|one hour photo (2002)|
director: mark romanek
robin williams, connie nielsen, michael vartan
Mark Romanek's One Hour Photo would have been a lot scarier - a far more thrilling thriller - if it were just a little bit less perfect. Romanek might have done future thriller directors a great service by proving, once and for all, that incredibly precise editing and overworked production and costume design actually work against the creation of suspense. Put simply, everybody who worked on One Hour Photo did far too good a job to make the resulting film anything less than a cinematic curiosity.
Robin Williams - working manfully against the cloying goofball roles that have made his reputation a diminished near-joke - plays Sy, the world's most committed photo lab employee. Committed is what Sy should be, we quickly learn, when we follow him home to his spare apartment and the wall-sized shrine he's made to the Yorkins, his favorite customers, a family that seems to have everything.
The irony - such as it is, since Romanek spells it out with such painful deliberation that it hammers down like hail - is that Nina and Will Yorkin (Connie Nielsen and Michael Vartan), despite the beautiful home and the chic wardrobes, save their bitter arguments for when their young son Jake (Dylan Smith) goes to bed. They look good, however, and that's what fools Sy, whose own life is broadly painted as operatically, almost comically arid; his apartment, his hair, and everything he wears, is in a the colour spectrum from gray to beige to ecru. His photo lab is located in a Wal-Mart parody, a discount store so vast and neat that it could be on Stanley Kubrick's 2001 space station, his deeply-buried trauma so ultimately obvious that it could have been revealed by a billboard.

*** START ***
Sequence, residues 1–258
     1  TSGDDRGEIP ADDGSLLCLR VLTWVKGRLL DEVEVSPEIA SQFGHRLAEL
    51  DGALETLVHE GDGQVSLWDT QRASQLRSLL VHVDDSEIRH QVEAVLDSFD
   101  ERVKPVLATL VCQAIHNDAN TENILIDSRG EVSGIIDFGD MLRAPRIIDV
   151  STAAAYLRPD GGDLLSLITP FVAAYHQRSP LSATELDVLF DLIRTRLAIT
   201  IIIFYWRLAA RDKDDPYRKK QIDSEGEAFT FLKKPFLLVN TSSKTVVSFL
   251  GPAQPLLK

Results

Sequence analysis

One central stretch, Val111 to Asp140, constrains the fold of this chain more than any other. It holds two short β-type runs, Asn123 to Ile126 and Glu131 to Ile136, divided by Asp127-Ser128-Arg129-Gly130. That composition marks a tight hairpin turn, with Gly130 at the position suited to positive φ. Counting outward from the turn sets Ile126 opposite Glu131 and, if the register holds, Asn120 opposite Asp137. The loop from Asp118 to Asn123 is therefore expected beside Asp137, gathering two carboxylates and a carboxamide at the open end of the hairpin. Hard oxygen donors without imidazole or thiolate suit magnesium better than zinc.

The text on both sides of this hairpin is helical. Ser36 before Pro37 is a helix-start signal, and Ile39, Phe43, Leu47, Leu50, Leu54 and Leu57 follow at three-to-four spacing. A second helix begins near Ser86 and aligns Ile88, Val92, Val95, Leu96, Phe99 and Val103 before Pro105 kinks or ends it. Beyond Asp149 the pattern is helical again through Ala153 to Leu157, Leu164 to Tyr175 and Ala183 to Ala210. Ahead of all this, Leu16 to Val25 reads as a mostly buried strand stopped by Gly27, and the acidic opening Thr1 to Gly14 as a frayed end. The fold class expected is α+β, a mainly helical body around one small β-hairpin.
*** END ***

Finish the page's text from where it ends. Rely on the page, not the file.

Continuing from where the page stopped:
For all of the care put into the film, what someone overlooked is an ounce of humour or any hint of an anachronism that might derail the monorailaight path of the plot. Since Sy loves his job it's obvious he'll lose it, pushing his obsession with the Yorkins into psycho stalker mode. And since Nina and Will look like such a perfect couple, it's inevitable that one of them is cheating, and that Sy will take a hand. It would have been nice if something - anything - had forced a detour. It's as if Romanek had built a rollercoaster that only went in one direction - downhill - but did it flawlessly.